This was a reflection from last year during Lent, I still find it thought provoking today. I just wanted to share it….. Enjoy:
I’m very troubled these days. The Communion of Evangelical Episcopal Churches, the very community in which I’m ordained a priest asked its members to do two things for lent. First, we’re asked to wear a cross in a very visible way so our Christianity cannot be hidden. Secondly, we’re asked to pray for the persecuted Christians in the world. So many of them have died simply because they follow Christ. In the United States we take for granted the freedom to publicly practice our faith. After only four days of doing what appeared to be two simple things I’m troubled with where it has led me.
Reflecting on the persecuted Christians led me to think about the 21 Coptic men who were beheaded by ISIS (This occurred Feb.12th, 2015) . Each one at their death voiced the words “Lord Jesus Christ.” What a powerful witness to the faith! I never thought I would live to see such a display of martyrdom. I’ve always known people were suffering for their faith, but the fact this has been so publicly displayed makes the persecutions very “real.” It has led me to question my commitment to the Christian faith. Do I have the strength to die for the Lord as these men did? We are so comfortable in our American Christian experience bickering over how worship services should look and whether the coffee is warm enough at the cafe in the church lobby that we forget the Christian experience is about much deeper things. We are caught up in sermons reducing the Christian message to lectures about whether or not Christ rose from the dead to those saying our love for Jesus will bring prosperity, wealth, and psychological comfort. What a weak Christianity we embrace…… How lifeless the Gospel is when it’s merely something to entertain those who walk in our churches instead of offering them eternal life by embracing the way of the cross.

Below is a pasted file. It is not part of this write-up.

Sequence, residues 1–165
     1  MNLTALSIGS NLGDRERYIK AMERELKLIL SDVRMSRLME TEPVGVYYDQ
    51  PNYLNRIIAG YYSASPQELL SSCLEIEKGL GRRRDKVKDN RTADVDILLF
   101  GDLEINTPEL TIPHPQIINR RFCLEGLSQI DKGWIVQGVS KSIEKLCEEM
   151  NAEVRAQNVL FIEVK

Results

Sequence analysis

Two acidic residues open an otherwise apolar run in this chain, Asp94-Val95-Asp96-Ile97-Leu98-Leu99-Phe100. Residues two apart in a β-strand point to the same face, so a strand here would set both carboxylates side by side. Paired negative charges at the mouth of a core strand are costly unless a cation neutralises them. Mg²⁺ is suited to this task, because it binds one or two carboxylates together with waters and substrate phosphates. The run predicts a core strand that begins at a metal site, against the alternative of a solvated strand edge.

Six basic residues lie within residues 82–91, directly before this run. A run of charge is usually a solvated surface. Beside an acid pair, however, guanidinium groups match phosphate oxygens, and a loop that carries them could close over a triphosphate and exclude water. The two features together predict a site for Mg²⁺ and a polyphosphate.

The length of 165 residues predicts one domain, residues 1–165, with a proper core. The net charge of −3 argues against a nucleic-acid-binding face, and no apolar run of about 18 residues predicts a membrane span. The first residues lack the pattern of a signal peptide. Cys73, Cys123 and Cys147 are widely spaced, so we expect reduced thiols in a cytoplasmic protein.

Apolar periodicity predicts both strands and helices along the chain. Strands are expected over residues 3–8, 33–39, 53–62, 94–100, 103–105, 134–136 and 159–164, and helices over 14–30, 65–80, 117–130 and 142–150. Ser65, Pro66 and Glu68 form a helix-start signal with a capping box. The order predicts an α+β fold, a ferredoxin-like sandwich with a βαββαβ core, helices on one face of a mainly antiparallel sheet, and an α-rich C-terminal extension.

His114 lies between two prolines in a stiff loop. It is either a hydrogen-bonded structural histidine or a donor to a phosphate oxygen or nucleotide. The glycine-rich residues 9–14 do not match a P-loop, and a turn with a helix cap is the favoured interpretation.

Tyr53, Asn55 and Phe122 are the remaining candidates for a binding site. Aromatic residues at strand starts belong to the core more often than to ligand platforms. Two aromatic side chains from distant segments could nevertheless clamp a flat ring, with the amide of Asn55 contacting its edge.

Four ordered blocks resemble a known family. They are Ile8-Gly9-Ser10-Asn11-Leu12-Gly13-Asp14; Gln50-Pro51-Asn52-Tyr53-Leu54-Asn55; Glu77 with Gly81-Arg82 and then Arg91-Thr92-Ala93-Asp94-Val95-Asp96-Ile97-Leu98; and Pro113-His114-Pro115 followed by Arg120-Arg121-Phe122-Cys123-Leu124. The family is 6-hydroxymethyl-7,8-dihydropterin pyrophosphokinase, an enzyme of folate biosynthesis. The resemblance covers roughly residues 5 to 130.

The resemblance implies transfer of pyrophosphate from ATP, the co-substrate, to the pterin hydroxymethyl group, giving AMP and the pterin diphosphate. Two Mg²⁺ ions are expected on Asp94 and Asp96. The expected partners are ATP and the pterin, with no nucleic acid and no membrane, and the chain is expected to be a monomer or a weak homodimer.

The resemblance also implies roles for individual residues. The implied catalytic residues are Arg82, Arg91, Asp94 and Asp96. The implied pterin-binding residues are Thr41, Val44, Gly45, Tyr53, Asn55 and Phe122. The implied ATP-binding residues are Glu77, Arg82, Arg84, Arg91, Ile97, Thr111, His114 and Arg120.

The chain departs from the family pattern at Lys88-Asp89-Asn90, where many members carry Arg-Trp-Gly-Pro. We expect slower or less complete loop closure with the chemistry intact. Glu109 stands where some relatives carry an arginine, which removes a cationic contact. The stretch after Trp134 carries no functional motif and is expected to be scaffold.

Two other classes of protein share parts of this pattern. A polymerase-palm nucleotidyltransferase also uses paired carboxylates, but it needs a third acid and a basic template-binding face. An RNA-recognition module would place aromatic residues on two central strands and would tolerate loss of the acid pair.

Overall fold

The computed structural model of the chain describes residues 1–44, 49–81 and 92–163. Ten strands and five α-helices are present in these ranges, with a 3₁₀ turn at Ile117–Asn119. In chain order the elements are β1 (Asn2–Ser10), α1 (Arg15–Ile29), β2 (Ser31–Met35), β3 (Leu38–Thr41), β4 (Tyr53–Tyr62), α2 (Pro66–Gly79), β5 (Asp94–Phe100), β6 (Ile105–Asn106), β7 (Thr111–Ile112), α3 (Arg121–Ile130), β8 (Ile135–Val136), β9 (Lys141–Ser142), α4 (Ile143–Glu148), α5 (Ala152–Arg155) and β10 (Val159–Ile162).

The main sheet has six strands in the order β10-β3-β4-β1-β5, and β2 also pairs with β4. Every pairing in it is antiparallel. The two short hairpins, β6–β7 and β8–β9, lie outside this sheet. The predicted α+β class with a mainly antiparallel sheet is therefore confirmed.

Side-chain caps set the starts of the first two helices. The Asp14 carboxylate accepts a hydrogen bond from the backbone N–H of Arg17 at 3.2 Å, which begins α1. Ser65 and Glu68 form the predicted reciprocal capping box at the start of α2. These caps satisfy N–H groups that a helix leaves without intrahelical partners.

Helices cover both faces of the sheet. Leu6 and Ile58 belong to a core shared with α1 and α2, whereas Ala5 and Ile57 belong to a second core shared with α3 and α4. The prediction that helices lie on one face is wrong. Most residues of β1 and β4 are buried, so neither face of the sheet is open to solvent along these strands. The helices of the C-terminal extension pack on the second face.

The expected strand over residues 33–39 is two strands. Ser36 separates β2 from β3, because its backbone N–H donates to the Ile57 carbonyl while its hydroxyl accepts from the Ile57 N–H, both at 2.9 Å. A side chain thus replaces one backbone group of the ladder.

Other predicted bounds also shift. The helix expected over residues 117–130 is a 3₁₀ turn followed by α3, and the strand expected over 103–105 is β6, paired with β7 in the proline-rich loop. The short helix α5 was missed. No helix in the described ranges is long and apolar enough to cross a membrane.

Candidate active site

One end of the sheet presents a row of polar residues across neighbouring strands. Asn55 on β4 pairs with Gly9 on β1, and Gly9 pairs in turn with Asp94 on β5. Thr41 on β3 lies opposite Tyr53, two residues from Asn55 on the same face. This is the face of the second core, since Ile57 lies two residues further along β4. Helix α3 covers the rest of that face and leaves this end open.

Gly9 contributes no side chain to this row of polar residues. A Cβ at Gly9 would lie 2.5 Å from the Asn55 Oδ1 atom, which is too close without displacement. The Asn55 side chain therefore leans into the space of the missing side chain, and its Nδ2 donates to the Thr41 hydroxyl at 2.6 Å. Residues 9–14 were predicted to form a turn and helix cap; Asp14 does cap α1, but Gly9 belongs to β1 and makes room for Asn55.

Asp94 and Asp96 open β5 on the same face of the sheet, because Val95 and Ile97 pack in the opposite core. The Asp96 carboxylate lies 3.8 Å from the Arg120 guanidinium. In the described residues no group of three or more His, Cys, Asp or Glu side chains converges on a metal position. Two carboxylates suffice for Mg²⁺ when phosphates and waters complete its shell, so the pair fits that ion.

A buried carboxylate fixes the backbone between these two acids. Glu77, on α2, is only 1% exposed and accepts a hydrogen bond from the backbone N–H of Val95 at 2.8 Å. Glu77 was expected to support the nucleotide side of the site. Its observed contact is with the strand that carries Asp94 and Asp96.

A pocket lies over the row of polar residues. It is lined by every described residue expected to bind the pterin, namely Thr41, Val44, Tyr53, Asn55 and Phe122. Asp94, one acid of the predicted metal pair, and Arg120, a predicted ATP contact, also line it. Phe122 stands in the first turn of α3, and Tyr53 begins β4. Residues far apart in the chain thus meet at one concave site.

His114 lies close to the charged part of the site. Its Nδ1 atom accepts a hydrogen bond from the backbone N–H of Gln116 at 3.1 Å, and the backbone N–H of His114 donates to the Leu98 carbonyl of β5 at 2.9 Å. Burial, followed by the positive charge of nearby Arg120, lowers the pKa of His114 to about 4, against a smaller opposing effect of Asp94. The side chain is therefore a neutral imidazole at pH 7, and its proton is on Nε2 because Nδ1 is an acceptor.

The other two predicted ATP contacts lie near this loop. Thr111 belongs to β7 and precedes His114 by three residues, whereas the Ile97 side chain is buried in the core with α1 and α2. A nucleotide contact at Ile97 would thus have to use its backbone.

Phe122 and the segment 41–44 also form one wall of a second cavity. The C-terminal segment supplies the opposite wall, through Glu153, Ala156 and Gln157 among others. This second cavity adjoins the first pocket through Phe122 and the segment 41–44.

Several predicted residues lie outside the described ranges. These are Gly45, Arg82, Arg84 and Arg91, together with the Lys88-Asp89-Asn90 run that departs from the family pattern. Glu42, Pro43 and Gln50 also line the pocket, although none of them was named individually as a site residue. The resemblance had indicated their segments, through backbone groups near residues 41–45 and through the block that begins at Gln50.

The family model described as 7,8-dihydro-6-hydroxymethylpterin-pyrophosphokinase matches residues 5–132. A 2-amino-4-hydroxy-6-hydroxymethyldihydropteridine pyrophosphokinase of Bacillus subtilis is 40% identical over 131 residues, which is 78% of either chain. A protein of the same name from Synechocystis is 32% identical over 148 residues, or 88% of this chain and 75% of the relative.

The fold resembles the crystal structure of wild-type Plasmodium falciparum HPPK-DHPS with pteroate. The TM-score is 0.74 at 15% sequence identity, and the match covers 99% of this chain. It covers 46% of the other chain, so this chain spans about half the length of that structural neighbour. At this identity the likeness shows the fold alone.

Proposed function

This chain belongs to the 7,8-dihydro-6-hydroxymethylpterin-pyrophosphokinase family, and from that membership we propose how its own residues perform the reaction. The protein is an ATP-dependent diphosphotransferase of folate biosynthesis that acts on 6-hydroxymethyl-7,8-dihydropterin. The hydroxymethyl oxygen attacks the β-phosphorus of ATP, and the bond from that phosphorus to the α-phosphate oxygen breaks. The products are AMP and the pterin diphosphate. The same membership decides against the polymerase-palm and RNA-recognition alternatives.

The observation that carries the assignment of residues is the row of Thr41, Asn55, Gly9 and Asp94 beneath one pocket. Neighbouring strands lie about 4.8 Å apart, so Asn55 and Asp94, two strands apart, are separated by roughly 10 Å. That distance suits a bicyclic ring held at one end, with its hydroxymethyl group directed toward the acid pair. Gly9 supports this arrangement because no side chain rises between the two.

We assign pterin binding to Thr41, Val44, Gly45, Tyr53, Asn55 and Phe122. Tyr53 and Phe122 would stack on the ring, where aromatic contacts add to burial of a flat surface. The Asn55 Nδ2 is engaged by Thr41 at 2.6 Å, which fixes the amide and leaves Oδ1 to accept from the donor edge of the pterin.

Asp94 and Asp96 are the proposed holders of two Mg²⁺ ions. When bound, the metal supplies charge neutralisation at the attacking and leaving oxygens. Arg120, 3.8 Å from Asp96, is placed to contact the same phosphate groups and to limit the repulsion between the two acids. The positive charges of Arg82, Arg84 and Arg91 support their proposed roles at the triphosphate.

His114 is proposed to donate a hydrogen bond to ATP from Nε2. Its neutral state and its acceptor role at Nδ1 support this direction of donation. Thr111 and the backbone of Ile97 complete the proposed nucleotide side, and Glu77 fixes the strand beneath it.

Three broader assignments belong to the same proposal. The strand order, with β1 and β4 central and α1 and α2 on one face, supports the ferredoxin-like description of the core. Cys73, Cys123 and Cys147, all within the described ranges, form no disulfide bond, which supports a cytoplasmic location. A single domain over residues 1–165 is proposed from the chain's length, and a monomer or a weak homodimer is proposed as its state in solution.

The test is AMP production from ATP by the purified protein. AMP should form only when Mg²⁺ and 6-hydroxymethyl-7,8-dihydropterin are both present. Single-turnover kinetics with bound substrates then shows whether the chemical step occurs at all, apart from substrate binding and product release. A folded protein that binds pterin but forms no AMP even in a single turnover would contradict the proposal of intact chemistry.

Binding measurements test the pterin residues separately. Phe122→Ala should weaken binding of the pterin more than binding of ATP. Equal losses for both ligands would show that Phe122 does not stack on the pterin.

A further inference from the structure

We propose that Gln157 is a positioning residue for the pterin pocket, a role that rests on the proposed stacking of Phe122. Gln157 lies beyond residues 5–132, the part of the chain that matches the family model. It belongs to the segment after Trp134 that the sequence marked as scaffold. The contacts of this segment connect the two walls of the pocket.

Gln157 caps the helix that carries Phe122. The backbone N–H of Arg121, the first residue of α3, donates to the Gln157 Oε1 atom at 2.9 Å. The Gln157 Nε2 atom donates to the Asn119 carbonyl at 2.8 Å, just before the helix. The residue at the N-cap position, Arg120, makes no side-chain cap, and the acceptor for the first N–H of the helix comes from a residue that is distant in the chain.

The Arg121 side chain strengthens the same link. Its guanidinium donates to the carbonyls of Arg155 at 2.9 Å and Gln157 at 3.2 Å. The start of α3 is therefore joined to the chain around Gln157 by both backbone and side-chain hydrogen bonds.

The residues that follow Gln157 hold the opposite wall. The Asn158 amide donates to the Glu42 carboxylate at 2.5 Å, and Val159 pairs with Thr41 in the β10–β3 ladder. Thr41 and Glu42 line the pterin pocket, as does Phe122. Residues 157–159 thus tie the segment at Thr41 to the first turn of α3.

Reflecting on these 21 Saints who gave their lives for their Lord causes me to think of how little we give ourselves over to something bigger. So many of us don’t know what it means to transcend our isolated individual existence. As I write this I’m watching the movie “Glory” which portrays the story of an African American union regiment in the Civil War. As I watch the battle scenes I think, “Why would these men volunteer to march into a storm of led fully knowing their chances of surviving are small? What causes soldiers of any generation to charge forward knowing they’re likely to be killed or maimed for life? All I can think is somehow, knowingly or not, they transcend their individual experiences to be a part of something bigger. In some way they overcome their “individual selves” to embrace their “corporate selves.” The soldiers in this movie decided they were part of something bigger and therefore overcame their fear and transcended their individual sensibilities to embrace something bigger.
While I don’t know what these 21 men were thinking as they were being killed, I can imagine in some way they transcended their individual Christian lives to embrace the sense they were part of something bigger. They believed they were part of the body of Christ. Somehow they felt their martyrdom was not an individual experience, but a martyrdom of the whole body of Christ. Their martyrdom is our martyrdom and we must claim it as our own. Regardless if one is Coptic, Greek, Roman, Anglican, or any other flavor of Christianity, we must recognize the body of Christ is being persecuted, not a separate Christian group with which we are loosely connected. This Sunday every church should proclaim the life giving Gospel that empowered these men to proclaim Christ as they died. Churches must cleanse themselves of the weak Gospel feeding the egos of pastors, celebrities, and middle class executives and replace it with one reminding all of us we’re part of something bigger than ourselves. Christians can no longer see themselves as separate islands in an ocean of denominations; they are simply Christians. Christians who are going to their death because they are followers of Christ, the God and savior of all.